Junked Cash Sends India Economy in Tailspin

Sunitha Natti, a senior business journalist, is a non-resident Fellow for The India Center in the College of Sciences at the University of Central Florida. Below, Natti provides an update on India’s economy:

Nov. 8 was a historic day for the world in general, and for the United States and India in particular. If president-elect Donald Trump’s unexpected victory hogged headlines, India’s Prime Minister Narendra Modi shocked the nation with his audacious move to junk two high-value currency notes overnight. The denominations – Rs 500 and Rs 1,000 (approximately $7.50 and $15.00, respectively) – comprise 86 percent of the country’s total currency in circulation, and their withdrawal instantly sucked out liquidity, choking businesses and everyday life.

The target was to unearth black money (an estimated one-third of the GDP is said to be in India’s parallel economy), boost taxable income, reduce corruption, weed out counterfeit currency and cut funding to terror outfits. But the suddenness of the move caused panic and an economic morass.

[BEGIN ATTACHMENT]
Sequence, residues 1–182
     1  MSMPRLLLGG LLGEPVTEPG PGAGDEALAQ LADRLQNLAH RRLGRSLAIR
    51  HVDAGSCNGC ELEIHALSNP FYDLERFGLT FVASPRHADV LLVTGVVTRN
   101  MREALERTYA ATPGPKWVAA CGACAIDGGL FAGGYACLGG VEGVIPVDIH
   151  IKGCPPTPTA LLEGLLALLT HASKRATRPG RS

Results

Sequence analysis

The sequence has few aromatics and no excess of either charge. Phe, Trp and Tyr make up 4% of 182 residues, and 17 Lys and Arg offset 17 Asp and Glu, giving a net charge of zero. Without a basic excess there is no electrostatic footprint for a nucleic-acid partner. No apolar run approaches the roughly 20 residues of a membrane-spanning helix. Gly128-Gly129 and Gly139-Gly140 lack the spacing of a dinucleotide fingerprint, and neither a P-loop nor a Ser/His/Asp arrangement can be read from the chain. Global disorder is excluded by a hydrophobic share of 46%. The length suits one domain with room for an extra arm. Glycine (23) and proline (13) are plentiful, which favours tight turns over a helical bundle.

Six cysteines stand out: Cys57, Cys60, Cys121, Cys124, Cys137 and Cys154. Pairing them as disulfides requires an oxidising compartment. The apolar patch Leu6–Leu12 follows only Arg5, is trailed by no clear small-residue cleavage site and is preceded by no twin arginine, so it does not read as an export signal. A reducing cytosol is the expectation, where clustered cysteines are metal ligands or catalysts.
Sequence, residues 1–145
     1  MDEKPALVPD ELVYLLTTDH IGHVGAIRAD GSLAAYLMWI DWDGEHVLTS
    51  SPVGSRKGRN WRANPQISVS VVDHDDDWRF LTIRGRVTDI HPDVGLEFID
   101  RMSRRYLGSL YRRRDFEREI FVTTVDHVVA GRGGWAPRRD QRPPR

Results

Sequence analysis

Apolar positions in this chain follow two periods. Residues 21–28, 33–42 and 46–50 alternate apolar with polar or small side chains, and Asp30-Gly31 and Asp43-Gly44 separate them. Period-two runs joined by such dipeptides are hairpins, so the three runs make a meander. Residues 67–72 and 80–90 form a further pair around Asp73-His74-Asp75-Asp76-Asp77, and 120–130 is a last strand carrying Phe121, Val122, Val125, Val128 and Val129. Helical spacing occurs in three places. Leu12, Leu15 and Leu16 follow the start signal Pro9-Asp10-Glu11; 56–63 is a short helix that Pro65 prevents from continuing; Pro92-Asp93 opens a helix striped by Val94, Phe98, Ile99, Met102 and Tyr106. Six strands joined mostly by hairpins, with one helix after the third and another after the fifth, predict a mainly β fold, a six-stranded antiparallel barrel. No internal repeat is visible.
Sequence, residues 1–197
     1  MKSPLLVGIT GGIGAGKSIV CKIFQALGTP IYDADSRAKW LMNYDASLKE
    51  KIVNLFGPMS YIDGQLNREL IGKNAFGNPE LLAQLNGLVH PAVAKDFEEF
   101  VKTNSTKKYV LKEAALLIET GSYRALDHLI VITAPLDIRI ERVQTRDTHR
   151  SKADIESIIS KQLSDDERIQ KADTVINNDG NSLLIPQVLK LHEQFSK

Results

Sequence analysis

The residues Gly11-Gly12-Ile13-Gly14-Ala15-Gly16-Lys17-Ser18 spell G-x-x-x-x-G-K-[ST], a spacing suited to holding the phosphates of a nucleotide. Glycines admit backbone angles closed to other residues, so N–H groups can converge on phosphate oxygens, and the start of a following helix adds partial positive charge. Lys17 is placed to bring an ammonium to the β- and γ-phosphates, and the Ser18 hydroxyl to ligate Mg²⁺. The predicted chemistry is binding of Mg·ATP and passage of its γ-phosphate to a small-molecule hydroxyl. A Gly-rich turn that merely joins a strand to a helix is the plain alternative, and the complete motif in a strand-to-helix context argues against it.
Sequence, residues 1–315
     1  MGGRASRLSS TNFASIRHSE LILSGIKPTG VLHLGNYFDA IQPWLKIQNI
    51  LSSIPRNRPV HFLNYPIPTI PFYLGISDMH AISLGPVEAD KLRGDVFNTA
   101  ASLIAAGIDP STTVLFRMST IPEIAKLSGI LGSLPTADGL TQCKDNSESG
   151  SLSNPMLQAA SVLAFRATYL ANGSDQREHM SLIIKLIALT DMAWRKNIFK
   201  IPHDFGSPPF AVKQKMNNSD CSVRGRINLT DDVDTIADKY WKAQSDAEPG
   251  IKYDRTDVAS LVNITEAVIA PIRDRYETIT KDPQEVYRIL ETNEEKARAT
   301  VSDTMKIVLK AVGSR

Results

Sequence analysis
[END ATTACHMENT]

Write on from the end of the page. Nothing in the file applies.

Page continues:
For now, the nation’s 1.3 billion population is pledging support to withstand a temporary cash crunch, but if inconvenience and uncertainty are prolonged, there will be immense economic distress, which could cost Modi his political career. Initial estimates peg a nominal slowdown in the world’s fastest growing economy over the next two quarters. But economists believe the government’s frontal attack on black money, which is unprecedented in scale, will produce short-term disruptions that far outweigh its benefits. For one, real estate, known for its huge cash deals, is undergoing a remarkable correction. The financial services landscape is also evolving, as the country’s roughly 15 million merchants brace up for cashless transactions, raising the bar for accountability and transparency.

Comments are closed.